When we came home from our long, exhausting, wonderful road trip, it took me a day or two to get up the strength to go out and water my garden. And I was HORRIFIED. The guys running the electric lines across our yard to Keith's shop-under-construction had apparently hit a water line with the backhoe -- and then dug around fruitlessly in half a dozen areas, trying to find the underground turnoff. As a result of their efforts, my back garden is in ruins. Two lovely lavenders are browned and dead, apparently after meeting up with the backhoe. One of my thigh-high rosemary bushes has disappeared, along with all the lovely annuals that had curled up in front of its greenery. Sweet Williams -- gone! Pincushion flowers -- outta here! The new primroses that I planted just before leaving are a sorry, soggy sight, and the pine needles I used for mulch have been upturned, exposing the habitation of various insect colonies in the bare dirt. California poppies have disappeared, and I found a hoe carelessly thrown into a flower bed by the back door, smashing down greenery under its weight. I sobbed as I wafted the water from the hose over the remains of what had been a pleasing area of garden.
Keith says to "just replant it," as if replanting is no big deal. But when my strength levels rarely take me beyond the simple act of watering these flowers, replanting seems like a Herculean task. I usually buy flowers one six-pack or a few four-inch pots at a time so I won't overtax myself in planting. It's taken five years of working when I have felt able to get this pretty little area looking like it was sprung from a cottage garden in the Cotswolds, and it's gone -- poof! -- just like that.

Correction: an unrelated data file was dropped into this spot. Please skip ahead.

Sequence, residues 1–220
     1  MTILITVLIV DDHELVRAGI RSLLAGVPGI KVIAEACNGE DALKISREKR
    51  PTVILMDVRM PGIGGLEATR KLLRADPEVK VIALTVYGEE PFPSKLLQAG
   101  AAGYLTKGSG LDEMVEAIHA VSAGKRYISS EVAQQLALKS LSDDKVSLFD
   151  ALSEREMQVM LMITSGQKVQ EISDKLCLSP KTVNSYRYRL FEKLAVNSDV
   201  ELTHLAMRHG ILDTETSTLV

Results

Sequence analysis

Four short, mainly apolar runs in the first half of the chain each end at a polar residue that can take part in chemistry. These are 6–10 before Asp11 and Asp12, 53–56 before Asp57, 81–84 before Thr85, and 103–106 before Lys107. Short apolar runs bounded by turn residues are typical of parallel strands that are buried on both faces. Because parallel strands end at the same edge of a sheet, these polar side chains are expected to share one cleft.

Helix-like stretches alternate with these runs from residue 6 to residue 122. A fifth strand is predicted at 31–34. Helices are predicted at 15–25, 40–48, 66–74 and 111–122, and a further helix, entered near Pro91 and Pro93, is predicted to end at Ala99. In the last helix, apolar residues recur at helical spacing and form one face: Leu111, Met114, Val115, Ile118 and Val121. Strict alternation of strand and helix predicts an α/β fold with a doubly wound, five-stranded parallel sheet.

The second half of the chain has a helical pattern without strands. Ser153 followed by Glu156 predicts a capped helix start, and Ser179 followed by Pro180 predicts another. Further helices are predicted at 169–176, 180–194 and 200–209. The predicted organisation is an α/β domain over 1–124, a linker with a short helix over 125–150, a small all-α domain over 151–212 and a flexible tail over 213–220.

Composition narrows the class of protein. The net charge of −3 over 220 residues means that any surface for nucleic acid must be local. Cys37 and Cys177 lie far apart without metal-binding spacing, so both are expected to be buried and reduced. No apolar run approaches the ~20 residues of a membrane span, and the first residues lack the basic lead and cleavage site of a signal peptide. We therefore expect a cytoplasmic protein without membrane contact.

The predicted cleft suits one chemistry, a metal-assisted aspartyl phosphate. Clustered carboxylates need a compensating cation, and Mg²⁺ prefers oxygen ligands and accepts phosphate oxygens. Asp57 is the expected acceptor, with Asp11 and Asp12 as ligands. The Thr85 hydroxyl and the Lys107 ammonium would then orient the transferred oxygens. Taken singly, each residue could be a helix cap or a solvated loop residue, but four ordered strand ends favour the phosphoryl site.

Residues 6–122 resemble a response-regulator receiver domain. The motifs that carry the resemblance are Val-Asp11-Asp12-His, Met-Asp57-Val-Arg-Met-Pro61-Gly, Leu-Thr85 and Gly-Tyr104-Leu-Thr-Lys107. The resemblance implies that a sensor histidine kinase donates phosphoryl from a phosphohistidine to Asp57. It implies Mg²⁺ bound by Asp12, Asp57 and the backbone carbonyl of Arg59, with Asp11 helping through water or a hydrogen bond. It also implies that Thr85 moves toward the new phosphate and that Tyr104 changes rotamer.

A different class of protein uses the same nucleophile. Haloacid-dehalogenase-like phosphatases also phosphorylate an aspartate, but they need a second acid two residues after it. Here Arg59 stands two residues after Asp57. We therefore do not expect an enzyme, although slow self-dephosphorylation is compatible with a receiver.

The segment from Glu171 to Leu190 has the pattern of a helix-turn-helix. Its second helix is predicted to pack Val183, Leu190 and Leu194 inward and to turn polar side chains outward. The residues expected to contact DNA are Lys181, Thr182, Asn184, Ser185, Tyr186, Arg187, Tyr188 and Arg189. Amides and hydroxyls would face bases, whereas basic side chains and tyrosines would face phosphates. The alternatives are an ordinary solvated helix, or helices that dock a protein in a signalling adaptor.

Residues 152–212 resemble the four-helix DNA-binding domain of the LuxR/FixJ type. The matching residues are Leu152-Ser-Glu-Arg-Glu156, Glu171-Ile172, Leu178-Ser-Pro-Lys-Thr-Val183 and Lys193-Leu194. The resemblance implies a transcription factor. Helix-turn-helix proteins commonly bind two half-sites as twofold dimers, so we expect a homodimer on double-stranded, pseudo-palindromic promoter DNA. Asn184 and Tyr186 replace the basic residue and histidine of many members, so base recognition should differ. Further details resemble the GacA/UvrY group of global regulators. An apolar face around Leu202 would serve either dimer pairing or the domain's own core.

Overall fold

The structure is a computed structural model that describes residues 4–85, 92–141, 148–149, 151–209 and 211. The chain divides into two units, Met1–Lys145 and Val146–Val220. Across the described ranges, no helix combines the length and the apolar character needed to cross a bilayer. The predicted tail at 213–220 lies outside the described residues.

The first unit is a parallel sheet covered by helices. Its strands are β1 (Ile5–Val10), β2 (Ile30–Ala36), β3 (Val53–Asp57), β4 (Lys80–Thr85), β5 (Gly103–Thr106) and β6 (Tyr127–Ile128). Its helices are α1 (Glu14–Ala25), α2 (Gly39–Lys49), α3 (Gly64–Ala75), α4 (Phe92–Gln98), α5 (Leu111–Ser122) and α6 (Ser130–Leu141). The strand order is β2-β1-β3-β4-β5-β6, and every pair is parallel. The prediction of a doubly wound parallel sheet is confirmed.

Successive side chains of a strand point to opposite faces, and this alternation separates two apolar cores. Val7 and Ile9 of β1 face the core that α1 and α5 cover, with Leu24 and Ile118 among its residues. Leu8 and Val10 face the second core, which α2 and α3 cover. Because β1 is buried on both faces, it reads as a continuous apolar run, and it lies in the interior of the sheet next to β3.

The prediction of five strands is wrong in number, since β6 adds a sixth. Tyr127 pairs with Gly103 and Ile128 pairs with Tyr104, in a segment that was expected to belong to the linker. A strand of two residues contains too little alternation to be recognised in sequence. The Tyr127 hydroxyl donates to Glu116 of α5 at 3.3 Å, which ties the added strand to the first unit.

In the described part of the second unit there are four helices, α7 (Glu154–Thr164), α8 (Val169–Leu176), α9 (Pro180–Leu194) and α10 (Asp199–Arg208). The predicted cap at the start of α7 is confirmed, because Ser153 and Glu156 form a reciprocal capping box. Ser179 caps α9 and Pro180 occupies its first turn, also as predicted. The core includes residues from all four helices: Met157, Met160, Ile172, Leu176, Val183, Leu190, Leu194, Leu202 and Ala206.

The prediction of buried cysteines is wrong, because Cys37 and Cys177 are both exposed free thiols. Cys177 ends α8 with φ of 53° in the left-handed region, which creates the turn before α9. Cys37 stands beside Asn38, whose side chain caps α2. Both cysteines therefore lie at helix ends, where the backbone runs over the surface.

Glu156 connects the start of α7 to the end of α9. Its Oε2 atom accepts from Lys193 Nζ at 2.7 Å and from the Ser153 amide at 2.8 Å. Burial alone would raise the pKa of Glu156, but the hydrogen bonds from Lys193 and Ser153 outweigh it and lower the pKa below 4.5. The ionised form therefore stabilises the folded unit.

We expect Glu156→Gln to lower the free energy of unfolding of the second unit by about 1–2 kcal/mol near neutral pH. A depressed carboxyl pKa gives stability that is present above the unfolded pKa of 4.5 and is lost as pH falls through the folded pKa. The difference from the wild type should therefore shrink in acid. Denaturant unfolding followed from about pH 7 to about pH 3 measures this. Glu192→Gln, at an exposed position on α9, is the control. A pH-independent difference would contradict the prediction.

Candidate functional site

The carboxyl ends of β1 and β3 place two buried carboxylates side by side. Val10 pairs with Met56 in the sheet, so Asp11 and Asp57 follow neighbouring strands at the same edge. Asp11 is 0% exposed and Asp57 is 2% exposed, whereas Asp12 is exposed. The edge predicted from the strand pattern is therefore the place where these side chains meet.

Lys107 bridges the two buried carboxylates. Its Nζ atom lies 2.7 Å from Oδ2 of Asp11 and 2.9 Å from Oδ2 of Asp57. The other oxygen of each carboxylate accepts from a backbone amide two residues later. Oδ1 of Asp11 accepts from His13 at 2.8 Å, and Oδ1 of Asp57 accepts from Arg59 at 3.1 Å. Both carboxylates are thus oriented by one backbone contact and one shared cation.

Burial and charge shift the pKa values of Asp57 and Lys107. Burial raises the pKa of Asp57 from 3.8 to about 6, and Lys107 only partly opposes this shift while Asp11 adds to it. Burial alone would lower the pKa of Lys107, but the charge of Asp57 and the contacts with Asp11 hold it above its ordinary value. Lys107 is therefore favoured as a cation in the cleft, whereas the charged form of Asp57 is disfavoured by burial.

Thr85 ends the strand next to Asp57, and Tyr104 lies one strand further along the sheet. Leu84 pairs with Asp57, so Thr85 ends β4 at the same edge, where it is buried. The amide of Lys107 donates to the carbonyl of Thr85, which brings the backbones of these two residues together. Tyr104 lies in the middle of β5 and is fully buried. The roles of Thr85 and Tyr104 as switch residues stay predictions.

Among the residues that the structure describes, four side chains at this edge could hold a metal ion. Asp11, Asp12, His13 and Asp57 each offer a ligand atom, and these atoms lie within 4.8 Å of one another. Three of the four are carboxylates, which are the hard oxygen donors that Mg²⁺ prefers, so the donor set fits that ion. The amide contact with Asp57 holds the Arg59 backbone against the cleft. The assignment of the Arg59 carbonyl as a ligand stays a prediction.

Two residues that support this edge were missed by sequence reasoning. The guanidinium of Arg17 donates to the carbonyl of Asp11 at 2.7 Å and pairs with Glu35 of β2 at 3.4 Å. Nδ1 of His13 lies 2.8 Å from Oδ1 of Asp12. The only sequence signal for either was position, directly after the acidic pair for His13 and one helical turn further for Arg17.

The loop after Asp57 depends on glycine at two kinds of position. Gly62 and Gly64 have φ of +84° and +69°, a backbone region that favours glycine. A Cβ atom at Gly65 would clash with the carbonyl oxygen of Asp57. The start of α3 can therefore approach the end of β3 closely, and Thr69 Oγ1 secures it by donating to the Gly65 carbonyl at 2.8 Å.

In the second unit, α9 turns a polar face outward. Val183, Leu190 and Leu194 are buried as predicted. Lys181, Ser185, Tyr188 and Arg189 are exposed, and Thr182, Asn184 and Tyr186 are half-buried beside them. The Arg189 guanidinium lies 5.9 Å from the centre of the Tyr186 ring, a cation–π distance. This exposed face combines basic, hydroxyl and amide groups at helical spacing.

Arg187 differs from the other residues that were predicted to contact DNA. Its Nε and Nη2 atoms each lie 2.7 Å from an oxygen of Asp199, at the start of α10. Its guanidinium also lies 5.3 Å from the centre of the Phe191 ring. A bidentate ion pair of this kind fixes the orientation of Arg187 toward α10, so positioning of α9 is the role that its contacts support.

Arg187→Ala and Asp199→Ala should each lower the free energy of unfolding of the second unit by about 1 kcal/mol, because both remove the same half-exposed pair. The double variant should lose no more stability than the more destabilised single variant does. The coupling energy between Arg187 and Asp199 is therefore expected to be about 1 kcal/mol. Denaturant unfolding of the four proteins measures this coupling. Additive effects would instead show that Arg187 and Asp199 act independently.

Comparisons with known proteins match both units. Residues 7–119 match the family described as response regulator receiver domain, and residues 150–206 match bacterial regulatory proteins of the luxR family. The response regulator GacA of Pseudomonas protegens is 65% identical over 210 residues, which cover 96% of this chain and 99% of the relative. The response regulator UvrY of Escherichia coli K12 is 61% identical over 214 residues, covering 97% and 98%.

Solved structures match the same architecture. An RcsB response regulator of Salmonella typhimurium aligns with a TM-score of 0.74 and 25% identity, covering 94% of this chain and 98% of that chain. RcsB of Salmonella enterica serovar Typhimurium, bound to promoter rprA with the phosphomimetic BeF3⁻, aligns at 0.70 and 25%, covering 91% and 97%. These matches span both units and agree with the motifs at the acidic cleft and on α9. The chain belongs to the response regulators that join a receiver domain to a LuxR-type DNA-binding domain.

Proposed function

But it's been several weeks now since my discovery of the disaster, and most of my grieving is done. I'll wait for spring to come, with all its promise of hope and renewal, to slowly buy a few flowers at a time and rebuild my little piece of paradise.
Gardening is where I can dig my fingers deeply into the things of God, where I can reach out and touch Him through His Creation, where I can feel unjudged and free. So I have the re-creation of my little world after its destruction to look forward to, as well as the excuse to spend much more money than I usually do on my spring plantings next April. Nothing will bring back my mature rosemary and lavender plants, but choosing new ones will be a joy as well.